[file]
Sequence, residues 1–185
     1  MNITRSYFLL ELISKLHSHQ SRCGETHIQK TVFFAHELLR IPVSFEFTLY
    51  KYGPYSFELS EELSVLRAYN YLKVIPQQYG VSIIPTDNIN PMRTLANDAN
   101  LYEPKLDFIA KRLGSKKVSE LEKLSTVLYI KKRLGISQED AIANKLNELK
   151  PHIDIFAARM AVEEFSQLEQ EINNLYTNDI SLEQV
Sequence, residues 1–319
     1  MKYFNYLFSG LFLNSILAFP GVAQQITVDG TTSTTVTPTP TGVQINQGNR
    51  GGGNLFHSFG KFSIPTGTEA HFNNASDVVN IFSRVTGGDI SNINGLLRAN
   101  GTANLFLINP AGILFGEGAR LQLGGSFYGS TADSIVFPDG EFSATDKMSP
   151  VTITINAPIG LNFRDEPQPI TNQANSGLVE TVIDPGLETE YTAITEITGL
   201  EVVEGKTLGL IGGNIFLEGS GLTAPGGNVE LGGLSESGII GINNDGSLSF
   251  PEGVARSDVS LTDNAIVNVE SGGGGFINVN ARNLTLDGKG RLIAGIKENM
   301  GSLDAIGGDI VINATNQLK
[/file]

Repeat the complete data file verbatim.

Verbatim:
Sequence, residues 1–185
     1  MNITRSYFLL ELISKLHSHQ SRCGETHIQK TVFFAHELLR IPVSFEFTLY
    51  KYGPYSFELS EELSVLRAYN YLKVIPQQYG VSIIPTDNIN PMRTLANDAN
   101  LYEPKLDFIA KRLGSKKVSE LEKLSTVLYI KKRLGISQED AIANKLNELK
   151  PHIDIFAARM AVEEFSQLEQ EINNLYTNDI SLEQV
Sequence, residues 1–319
     1  MKYFNYLFSG LFLNSILAFP GVAQQITVDG TTSTTVTPTP TGVQINQGNR
    51  GGGNLFHSFG KFSIPTGTEA HFNNASDVVN IFSRVTGGDI SNINGLLRAN
   101  GTANLFLINP AGILFGEGAR LQLGGSFYGS TADSIVFPDG EFSATDKMSP
   151  VTITINAPIG LNFRDEPQPI TNQANSGLVE TVIDPGLETE YTAITEITGL
   201  EVVEGKTLGL IGGNIFLEGS GLTAPGGNVE LGGLSESGII GINNDGSLSF
   251  PEGVARSDVS LTDNAIVNVE SGGGGFINVN ARNLTLDGKG RLIAGIKENM
   301  GSLDAIGGDI VINATNQLK